Reveal the dying of the light
Rosemary Goring sees the sunshine and shadows in a new collection of the best of John McGahern’s work
When John McGahern died this year, there was widespread mourning for the loss of one of the most powerful writers of his generation. By the standards of peers such as JohnUpdike or William Trevor, McGahern’s career was not prolific. At its conclusion he had four collections of short stories, six novels, a memoir and a play to stand as cairn to his memory. The quality of these works, however, is such that they will withstand all weathers.
In March, the month he died, McGahern wrote a brief introduction to this present volume, which collects the best of his short stories, and includes two new ones, one of which gives the volume its title. If you haven’t yet read him, start here. If you have, this will be amemento to cherish.
Not that McGahern is easy on his readers. His prose is a delight, a pleasure for its cadence alone, but the kernel of his work is hard: hard in the way of a stone that has been hammered from the start of time. Almost in summation of his lifetime’s work, he writes in his preface: “Among its other obligations, fiction always has to be believable. Life does not have to suffer such constraint, and much of what takes place is believable only because it happens. The god of life is accident. Fiction has to be true to a central idea or vision of life.”
McGahern’s vision has many facets, but prominent among them is the visceral tug of earth and sky and water in the lives of his characters. There is the constant presence of the numinous in his writing, yet it never takes the shape of God – and nor could it, given his views on the suffocating influence of Catholicism on his country. And then there is the nature of man, often depicted as violent, harsh and implacably selfish.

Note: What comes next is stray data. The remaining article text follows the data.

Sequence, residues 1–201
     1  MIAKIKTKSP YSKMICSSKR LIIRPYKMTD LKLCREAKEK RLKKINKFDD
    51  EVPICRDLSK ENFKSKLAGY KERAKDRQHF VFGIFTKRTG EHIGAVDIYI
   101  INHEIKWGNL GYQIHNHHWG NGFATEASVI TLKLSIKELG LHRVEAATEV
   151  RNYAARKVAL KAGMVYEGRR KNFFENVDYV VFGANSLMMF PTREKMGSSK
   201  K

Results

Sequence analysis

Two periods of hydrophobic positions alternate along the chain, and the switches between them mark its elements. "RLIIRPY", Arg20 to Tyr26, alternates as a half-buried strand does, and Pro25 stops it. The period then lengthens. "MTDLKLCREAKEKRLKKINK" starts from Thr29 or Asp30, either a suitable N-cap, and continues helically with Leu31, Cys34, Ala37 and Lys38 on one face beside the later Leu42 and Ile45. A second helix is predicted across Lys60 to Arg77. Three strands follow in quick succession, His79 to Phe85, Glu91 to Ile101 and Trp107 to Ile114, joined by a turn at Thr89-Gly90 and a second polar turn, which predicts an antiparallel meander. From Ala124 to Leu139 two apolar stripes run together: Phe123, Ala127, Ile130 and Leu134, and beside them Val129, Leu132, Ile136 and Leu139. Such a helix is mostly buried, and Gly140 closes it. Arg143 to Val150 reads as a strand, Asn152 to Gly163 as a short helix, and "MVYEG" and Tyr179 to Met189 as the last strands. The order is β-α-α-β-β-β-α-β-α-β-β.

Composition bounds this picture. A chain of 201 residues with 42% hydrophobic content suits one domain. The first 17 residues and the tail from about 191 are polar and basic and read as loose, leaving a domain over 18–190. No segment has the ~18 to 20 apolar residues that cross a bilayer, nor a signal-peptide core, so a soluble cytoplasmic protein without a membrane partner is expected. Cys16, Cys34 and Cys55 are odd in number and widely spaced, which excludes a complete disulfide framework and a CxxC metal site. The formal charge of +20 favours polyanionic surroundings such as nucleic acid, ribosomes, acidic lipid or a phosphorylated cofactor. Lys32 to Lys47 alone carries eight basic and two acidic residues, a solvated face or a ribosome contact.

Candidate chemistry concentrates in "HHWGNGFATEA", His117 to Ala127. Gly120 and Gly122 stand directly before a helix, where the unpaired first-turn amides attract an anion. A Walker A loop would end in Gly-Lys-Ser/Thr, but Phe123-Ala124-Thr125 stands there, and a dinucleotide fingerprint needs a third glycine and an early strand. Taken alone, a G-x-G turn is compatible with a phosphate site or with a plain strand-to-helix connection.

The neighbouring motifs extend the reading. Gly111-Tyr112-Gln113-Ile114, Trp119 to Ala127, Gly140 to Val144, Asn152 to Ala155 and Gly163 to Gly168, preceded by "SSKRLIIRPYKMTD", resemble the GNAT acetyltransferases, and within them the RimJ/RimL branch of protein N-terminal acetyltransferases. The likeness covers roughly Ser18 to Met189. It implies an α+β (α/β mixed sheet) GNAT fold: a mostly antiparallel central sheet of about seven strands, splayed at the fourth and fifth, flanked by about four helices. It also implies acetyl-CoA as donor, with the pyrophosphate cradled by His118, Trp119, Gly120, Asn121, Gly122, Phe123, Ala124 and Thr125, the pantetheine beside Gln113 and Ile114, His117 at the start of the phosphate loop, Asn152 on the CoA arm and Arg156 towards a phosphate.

Creatures of the Earth covers the span of McGahern’s writing, from his youthful days as exile fromIreland who found work as a labourer in London to his more settled life back in Ireland. The breadth of this collection allows one to trace the refrain in his fiction: the constant presence of death, a stalker that is as much a character as McGahern’s flesh and blood creations.
His early material is full of wide-eyed, precocious observation, tinged with a bitterness that is to soften in later work. In Hearts of Oak and Bellies of Brass he depicts a day in the life of a gang of builders with almost harsh detachment. It can take a second reading to feel the understanding that underlies every word.
Many of these stories are pivoted on love and desire. McGahern paints emotions with a clarity and honesty that make them indelible. Too often these loves do not end happily, but in Gold Watch, where the hero marries without telling his father and stepmother, the romance reflects the narrator’s first real homecoming, seen in sharp contrast against the unease of his family house.
There are many moods in these pages, and the almost indescribable quality of existence is brought as close to expression as fiction can get. But there is something disturbing too in the new stories here that makes one wonder what direction McGahern’s thoughts were taking. InCreatures of the Earth, the death of a husband is made unbearable by the disappearance of a beloved cat which only the reader knows has been tortured to death. Another cruel fate meets a dog that displeases its master.
The vicious death of these animals makes a shockingly brutal statement about the ways of the world, and our place in it. The vision here is one close to dismay, tinged with sorrow. After his mellower middle years, it seems as if a lifetime’s observation of the human compulsion to wield power, and a wilful blindness to a grander possibility, was darkening McGahern’s outlook again by the end.
A posthumous volume captures the span of John McGahern’s writings Picture: Declan Shanahan